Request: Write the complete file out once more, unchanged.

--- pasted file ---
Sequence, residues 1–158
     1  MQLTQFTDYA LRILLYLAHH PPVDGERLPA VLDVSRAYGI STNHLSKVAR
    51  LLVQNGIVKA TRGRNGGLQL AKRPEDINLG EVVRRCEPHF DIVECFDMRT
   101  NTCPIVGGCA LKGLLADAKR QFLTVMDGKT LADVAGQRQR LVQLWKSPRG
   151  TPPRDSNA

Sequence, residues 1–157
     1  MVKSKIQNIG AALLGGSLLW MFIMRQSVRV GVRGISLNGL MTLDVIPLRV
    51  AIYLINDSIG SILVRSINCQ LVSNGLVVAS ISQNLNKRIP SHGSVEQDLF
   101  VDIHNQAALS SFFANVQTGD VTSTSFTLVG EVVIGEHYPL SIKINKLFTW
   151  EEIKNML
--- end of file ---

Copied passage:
Sequence, residues 1–158
     1  MQLTQFTDYA LRILLYLAHH PPVDGERLPA VLDVSRAYGI STNHLSKVAR
    51  LLVQNGIVKA TRGRNGGLQL AKRPEDINLG EVVRRCEPHF DIVECFDMRT
   101  NTCPIVGGCA LKGLLADAKR QFLTVMDGKT LADVAGQRQR LVQLWKSPRG
   151  TPPRDSNA

Sequence, residues 1–157
     1  MVKSKIQNIG AALLGGSLLW MFIMRQSVRV GVRGISLNGL MTLDVIPLRV
    51  AIYLINDSIG SILVRSINCQ LVSNGLVVAS ISQNLNKRIP SHGSVEQDLF
   101  VDIHNQAALS SFFANVQTGD VTSTSFTLVG EVVIGEHYPL SIKINKLFTW
   151  EEIKNML